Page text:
Like many couples, my husband and I sometimes struggle to understand one another, unable to see what motivates the other's actions. A few years ago, during a very stressful period of our lives, I found myself angry and bitter with my husband -- could we ever attain reconciliation? -- when I received inspiration from an unexpected source: the Stations of the Cross.

At the time, my husband and I had two young children, and he was in his fifth year of graduate school. At the start of his studies, I had vowed to do everything I could to help him achieve his dream of getting a PhD.

Unable to help him do his schoolwork, I did my best to support him in other ways. I could always sense when he was having difficulties and would instinctively try to help, offering words of encouragement or planning something to take his mind off his studies.

I continued to give support, but after five years, the stress of our situation had affected my health. Fatigue overwhelmed me. Some days I was so tired that I would literally fall asleep in the middle of a sentence while reading aloud to my children.

My husband would come home to dirty dishes and toys scattered everywhere, but he seemed not to notice the mess and seldom offered to help. If I said something, he would cheerfully pitch in and take care of everything, but I found his behavior exasperating: Why did I always have to ask? He never had to ask me for support; I offered it freely. Couldn't he do the same?

I longed to resolve the situation, but had no idea what to do. The issue hovered in the back of my mind as Lent began that year. One evening, I took time for my favorite devotion, the Stations of the Cross.

Praying before the sixth station, a vivid image appeared in my mind: Veronica stands at the edge of the crowd, her heart overwhelmed with anguish as she watches Jesus struggling to carry His cross. She notices the sweat and blood running down His face, streaming into His eyes. The cross is too heavy for Him; He cannot let go in order to drag a sleeve across His face and clear His vision.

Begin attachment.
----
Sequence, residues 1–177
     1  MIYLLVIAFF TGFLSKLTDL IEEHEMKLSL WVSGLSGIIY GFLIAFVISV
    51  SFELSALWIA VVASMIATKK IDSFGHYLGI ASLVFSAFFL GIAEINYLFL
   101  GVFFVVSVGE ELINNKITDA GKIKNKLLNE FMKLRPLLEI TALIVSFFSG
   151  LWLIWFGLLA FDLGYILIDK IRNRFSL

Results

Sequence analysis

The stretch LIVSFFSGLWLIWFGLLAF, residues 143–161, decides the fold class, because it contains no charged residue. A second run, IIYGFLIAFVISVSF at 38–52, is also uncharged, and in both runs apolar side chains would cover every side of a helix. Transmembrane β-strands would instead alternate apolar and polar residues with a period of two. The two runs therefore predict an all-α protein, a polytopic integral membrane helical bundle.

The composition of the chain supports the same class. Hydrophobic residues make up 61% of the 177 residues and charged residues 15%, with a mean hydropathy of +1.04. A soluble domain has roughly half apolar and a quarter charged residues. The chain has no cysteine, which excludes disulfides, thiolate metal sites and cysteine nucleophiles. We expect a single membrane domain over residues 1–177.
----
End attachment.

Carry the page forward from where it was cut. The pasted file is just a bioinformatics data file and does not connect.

Her compassion compels her to step out of the crowd. With tears coursing down her cheeks, she wipes His face, clearing away the blood and sweat. Christ's eyes touch hers, acknowledging the gift she offers: an easing of His burden - not by taking away the weight of the cross, but by lightening His heart.

Suddenly, I had an epiphany: "I am like Veronica! Able to sense when my husband feels troubled, my compassion leads me to try and help him in some small way."

Then my eyes went back to the fifth station, when Simon is asked to help Jesus carry His cross. Another epiphany: "My husband is like Simon! He is not as sensitive as me and does not always recognize when I could use his help; I need to ask."

My husband and I still struggle to understand each other, but the realization that he is not as sensitive as me and needs to be asked for help was a valuable insight - one which still inspires me.

The Stations of the Cross helped me to see that my husband and I have different ways of bringing Christ into our marriage: He will cheerfully carry my burdens when asked, while I lighten his heart.

(Mrs. Wiegman is a writer from Niskayuna, where she cantors and sings in the choir at St. Kateri Tekakwitha parish.)